The Allcott Gallery in UNC's Hanes Art Center, a small space that packs a lot of punch, showcases Theft in the Doll House, a controversial photo installation by visiting artists Jill Casid and Maria DeGuzman. A Sept. 19 lecture, "Para-Economics of Desire: 'Dead' Technologies and Queer Feminist Practice," opens the exhibit.
The North Carolina Central University Art Gallery is important for its representation of African-American artists in this area. Three shows are currently scheduled: Amazing Grace: Lithographs of Joseph Norman (through Oct. 4), Regional Perspective, a curated show of Triangle artists (Oct. 11-Dec. 6), and Durham's Finest, featuring originals from Durham public school students. Norman's lithographs employ elegaic iconography and sweeping line to powerfully address themes including the Negro Baseball League, lynching and inmates on death row. While he unflinchingly takes on shameful racial episodes past and present, Norman also revels in the joys of the natural world in a delicate suite of entwined trees images inspired by Germany's Black Forest.
Duke University Museum of Art's most daring offering for the fall appears to be Reinserting Myself into a History: Academic Eye III, works by Tammy Rae Carland curated by Cathy N. Davidson, opening Sept. 26. Featured will be pieces from her "Lesbian Beds" series, which Davidson describes as "powerful landscapes of tantalizing, if abstract, desire."
North Carolina artist Willie Little's multimedia Juke Joint remains at Duke's Center for Documentary Studies. Based on childhood memories of his father's grocery that nightly was transformed into a speakeasy, the exhibit features a recreation of the store's interior, along with dressed mannequins representing characters which populated it. Little's audio storytelling completes a convincing evocation of an African-American childhood in Pactolus Township in the late 1960s. The center will host a fish fry and blues concert by Cootie Stark in conjunction with the exhibit Sept. 27.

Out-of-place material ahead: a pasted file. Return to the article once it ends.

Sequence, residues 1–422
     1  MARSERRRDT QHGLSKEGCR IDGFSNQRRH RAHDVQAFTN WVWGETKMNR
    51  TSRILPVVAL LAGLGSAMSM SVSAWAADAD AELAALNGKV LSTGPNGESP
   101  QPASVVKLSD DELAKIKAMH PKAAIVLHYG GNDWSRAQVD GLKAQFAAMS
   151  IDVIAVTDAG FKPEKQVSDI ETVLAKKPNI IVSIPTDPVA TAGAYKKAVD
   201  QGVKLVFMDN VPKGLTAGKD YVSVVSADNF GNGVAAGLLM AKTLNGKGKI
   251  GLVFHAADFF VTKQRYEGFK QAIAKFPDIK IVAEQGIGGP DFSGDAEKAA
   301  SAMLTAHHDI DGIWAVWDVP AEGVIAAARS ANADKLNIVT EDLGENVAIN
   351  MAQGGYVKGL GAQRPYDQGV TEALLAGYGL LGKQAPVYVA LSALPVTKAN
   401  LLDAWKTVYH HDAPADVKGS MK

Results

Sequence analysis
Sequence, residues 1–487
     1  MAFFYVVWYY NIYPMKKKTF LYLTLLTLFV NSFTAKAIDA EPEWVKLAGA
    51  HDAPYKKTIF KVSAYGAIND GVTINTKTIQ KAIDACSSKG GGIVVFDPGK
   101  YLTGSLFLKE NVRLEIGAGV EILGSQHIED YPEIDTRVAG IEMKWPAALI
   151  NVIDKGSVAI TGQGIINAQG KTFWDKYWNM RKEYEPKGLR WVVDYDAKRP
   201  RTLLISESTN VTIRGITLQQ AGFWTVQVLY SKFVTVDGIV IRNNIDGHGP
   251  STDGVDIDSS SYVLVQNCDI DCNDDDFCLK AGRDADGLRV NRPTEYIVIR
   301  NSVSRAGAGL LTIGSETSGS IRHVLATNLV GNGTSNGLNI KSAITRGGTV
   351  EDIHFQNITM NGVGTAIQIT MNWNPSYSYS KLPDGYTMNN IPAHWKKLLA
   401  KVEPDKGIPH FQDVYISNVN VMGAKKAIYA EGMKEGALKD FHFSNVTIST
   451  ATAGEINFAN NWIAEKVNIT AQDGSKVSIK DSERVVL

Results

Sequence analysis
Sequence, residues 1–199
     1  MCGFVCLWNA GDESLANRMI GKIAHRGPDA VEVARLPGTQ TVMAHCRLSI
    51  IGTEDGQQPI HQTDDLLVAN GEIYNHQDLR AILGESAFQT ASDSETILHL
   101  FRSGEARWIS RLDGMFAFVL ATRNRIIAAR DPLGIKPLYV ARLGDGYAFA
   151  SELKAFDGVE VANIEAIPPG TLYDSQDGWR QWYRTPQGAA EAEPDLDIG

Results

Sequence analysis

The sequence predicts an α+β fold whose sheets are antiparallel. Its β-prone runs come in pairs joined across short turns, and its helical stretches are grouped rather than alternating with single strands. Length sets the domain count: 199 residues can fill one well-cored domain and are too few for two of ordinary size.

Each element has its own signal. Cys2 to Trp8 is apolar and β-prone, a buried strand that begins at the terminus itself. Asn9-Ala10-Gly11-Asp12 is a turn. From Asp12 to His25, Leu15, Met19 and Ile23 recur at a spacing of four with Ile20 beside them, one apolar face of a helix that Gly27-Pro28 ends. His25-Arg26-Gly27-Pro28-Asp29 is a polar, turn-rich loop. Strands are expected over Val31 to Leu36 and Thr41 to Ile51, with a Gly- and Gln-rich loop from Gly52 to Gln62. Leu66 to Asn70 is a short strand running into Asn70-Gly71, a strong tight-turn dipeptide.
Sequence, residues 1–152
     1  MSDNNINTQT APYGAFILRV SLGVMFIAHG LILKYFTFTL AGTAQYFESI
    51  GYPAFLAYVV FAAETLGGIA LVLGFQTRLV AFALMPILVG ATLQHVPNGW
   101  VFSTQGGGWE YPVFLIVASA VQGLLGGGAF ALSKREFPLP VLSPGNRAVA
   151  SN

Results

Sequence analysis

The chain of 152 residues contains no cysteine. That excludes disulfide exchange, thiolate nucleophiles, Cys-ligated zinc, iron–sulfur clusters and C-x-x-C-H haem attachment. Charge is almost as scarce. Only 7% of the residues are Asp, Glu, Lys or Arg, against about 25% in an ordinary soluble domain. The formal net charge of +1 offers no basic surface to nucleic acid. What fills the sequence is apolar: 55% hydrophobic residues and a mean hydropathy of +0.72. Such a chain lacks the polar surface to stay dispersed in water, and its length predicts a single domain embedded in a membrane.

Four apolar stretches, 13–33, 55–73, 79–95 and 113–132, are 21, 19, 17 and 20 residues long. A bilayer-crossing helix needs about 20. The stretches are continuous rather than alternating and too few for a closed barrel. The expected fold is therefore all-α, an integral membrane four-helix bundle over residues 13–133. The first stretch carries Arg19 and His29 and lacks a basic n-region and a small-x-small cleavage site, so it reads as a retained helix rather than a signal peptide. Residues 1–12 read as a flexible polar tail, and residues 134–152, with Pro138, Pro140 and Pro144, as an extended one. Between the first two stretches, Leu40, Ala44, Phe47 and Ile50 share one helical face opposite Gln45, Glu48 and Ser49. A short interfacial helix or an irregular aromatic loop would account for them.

Local nonprofits like Artspace foster talent by showing local and regional artists throughout the year. The intricate wood engravings of South African-born and Alexandria, Va.-based artist Rosemary Feit Covey open at Artspace Sept. 28.
Currently, a number of commercial galleries which play a major role appear to be playing musical chairs as well. Durham's Tyndall Gallery, which opened a show of painter Jane Filer's magical worlds this month, will move to Chapel Hill's University Mall in October, when it hosts local favorite Jacob Cooley. There it joins Fine Art and Animation Gallery, which has relocated from Carr Mill Mall. Green Tara Gallery's truly outstanding ceramics and Latin American art moved this summer to Eastgate Plaza. Its neighbor, Somerhill Gallery, has Tim Ford's insightful portraits and Barry Roal Carlsen's mystic, narrative nightscapes through Sept. 27.
Raleigh's Lee Hansley Gallery continues its unwavering commitment to the academic modernist aesthetic with a 30-year survey of the work of Howard Thomas, running today through Oct. 16. A concurrent show features the pendants of fellow UNC-Greensboro professor Gregory Ivy.
On the opposite end of the spectrum would be Raleigh's LUMP, which held a sold-out showing of postcard-drawings by former Devo frontman Mark Mothersbaugh--with the artist attending--last Friday night. Their next coup: too-hot grafitti artist Barry McGee in November, with "Onion Head Monster" creator Paul Friedrich in December.
Finally, UNC-Greensboro's fine Weatherspoon Art Museum offers a selection of Japanese ukiyo-e woodblock prints through Oct. 13, and Floating World Redux, featuring contemparary Japanese artists Yasumasa Morima and Gajin Fujita, through Oct. 27. A selection of contemporary textiles from Tokyo's NUNO studio closes Nov. 3. Worth the drive.